There isn't even the slightest sliver of truth to what he said. There was a lot of outrage among Cubs fans back then. No Cub fan, including me, had ever heard of the phrase "Banks Boulevard."
Yet last week as I was perusing a Cardinals fan forum (I like to see what the other side says about the Cubs), there was some discussion about Banks Boulevard. Eight years later, Morgan's BS is still alive and kicking.
With the help of the Tribune archives, allow me to kill the BS and set the record straight.
This picture from April 17, 1970 lays out the Cubs original plan. The bleacher bums were getting too rowdy and so the screen would be installed to keep them and the trash they tossed off of the field. The plan was for the screen to be installed at the top of the bleacher wall which meant that fans in the first couple rows would have to watch the game through the screen.
The May 7 edition of the Trib shows the completed screen. The article mentions that the screen was not put at the top of the wall as originally planned, but two feet below the top of the wall. It is in the same location today.
Now on to Ernie Banks.
The Cubs first game at Wrigley with the basket was on May 7, 1970. At that point in his career Ernie had 498 home runs. He would go on to hit eight more home runs at Wrigley Field. And how many of those ended up in the basket, or Banks Boulevard as the idiot called it?
Most likely, none.
He hit #499 on May 9 and it was no cheapy...it landed on Waveland.
This picture come from the WGN clip of #500 on May 12. The ball landed about three rows up in the bleachers and then bounced back onto the field.
Ernie's 501st career homer was hit on May 30th and the Trib article states that the ball landed high in the left-center seats. No basket shot there.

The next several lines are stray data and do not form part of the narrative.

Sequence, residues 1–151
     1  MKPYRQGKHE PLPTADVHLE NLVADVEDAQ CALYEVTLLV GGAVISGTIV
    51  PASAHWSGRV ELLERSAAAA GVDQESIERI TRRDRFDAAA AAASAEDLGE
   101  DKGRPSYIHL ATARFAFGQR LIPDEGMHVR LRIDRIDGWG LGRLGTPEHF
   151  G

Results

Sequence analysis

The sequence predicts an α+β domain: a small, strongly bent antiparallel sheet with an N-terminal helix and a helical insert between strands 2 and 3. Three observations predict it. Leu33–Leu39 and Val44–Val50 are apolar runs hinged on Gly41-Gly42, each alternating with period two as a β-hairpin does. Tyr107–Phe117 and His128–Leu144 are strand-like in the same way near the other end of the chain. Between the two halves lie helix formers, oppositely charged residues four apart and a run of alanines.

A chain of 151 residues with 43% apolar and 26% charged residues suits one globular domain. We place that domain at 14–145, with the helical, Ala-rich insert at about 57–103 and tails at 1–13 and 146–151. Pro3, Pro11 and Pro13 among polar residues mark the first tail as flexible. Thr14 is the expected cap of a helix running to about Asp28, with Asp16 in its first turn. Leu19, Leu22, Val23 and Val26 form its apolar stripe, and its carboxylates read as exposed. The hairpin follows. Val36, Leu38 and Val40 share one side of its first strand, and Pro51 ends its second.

On June 24th he hit #505 as a pinch hitter in the ninth inning. The article makes no mention of where the ball landed. Could it have been a basket shot? Maybe, but I'd think if it landed in the basket the article would have mentioned that fact.
This picture shows where #508 landed on September 5. It hit high up on the left field catwalk. There wasn't even a basket along the catwalk back then. The initial 1970 installation placed the basket only in places where fans sat. There was no basket in front of the catwalks and in center field.
There was no Tribune sports page in the archives for his next Wrigley homer on September 10. I had to resort to other newspaper accounts of that game. His homer in the fourth inning is mentioned in each article but no location of the ball is given. Again, no mention of a basket to me means that it didn't land there. This was his last Wrigley homer in 1970.
Here's a look at his first 1971 Wrigley blast. The article and picture show it just making the bleachers.
And this is the swing for his 512th and final home run. The caption says the drive went into the left field bleachers.
So what I've found is definitive proof that six of his eight Wrigley homer after the basket installation did not land in the basket. The other two most likely didn't land in the basket either, though it is possible they did.
Even the two were basket shots, that means 2 out of 290 career Wrigley blasts were in the basket.
Not a chance, Joe Morgan.